Feature


IZAKU TAIKO ODORI 伊作太鼓踊り (IZAKU DRUM DANCERS) for the first time in the UK



2015 has marked the 150th anniversary of the arrival of 19 young samurai from Satsuma (present-day Kagoshima) in the United Kingdom. They came to learn, many at University College London, and on their return to Japan, many of them played important roles in the creation of modern Japan after the Meiji Restoration of 1868.

The legacy of these ‘Satsuma Students’ is important for the people of Kagoshima. The students’ pioneering spirit and openness is a source of pride and the prefecture’s long-established links with the United Kingdom are manifold (not least the name of certain small oranges).

In order to commemorate the ‘Satsuma Students’ and to celebrate links between Kagoshima and the United Kingdom, a group of people came together to form SATSUMA 150. One major activity undertaken by this group of volunteers was to bring to this country some spectacular entertainment from Kagoshima. Throughout the prefecture, there are a number of drum dancing (taiko odori) traditions performed by the inhabitants for particular local festivals, often associated with a particular shrine. One of the most spectacular of these is the drum dancing tradition, designated an Intangible Folk Cultural Property of Kagoshima Prefecture, from the region of Izaku on the west coast of the Satsuma peninsula. The dance is performed by a group of men at Minami Kata Shrine each year on 28 August. The Izaku Drum Dancers continue a tradition passed down through the generations for over six centuries. It is the victory dance of Lord Shimazu Hisayoshi, a Muramachi-period warlord, dating from 1406 CE and the dancers’ outfits resemble those of the warriors of the time.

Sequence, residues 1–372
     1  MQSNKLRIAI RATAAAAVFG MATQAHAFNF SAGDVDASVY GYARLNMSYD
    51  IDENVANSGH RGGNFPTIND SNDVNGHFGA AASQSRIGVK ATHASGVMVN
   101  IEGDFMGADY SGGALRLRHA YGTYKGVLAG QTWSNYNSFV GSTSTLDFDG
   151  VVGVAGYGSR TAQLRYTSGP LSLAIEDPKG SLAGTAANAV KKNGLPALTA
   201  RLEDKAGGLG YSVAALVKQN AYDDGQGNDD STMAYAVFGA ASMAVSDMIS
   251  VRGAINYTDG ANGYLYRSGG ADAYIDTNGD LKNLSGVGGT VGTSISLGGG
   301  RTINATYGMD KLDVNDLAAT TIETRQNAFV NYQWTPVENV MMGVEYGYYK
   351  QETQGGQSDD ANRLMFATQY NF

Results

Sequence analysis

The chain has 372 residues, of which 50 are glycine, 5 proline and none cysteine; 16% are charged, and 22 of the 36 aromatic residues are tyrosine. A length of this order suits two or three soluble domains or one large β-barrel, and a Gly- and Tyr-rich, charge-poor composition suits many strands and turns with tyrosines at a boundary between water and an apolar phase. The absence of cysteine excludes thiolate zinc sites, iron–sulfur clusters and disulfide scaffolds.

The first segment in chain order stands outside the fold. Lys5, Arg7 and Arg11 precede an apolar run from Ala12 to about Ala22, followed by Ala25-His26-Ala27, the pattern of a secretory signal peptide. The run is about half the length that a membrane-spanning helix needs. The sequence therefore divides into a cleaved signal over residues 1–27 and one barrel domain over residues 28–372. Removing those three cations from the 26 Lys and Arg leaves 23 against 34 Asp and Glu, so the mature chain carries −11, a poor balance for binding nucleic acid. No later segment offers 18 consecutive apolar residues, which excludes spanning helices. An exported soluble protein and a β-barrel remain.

Each drum dancer (hira-uchi) wears a banner (yabata) of bamboo and paper, 2.5 metres tall, in the shape of a ceremonial military fan (gunpai) decorated with sun and the moon motifs, strapped to his back. Each hira-uchi drum dancer is adorned with a horo made of the black tail feathers of the Satsuma rooster and beats a drum fixed to his chest. Each outfit weighs nearly 20 kg and it takes about three quarters of an hour for the group to get ready and secure all the outfits. The accompanying music is provided by four young boys (naka-uchi) hitting gongs and small drums and the singing by the group elders.

Those who may have taken part as young boys, having learnt the complex drum and gong rhythms, may become hira-uchi drum dancers the next time it is the turn of their locale.

Izaku Taiko Odori (c) Kagoshima Prefecture

And when they feel they are too old to dance they teach the new members and provide the accompanying songs. Each year, brand new yabata are made from paper and bamboo, old outfits are repaired and new ones made, drums, hats festooned with flowers, kimono and horo are brought out of storage and dance practice starts in the spring ready for the two-day festival in August.

The task of bringing a group of at least 12 hira-uchi dancers, each of their outfits including the yabata, the drums, the feathered and horned horo, 4 children and a number of group elders who provide the accompaniment and importantly dress each of the dancers all the way from the south-western tip of Kyushu to London was not small.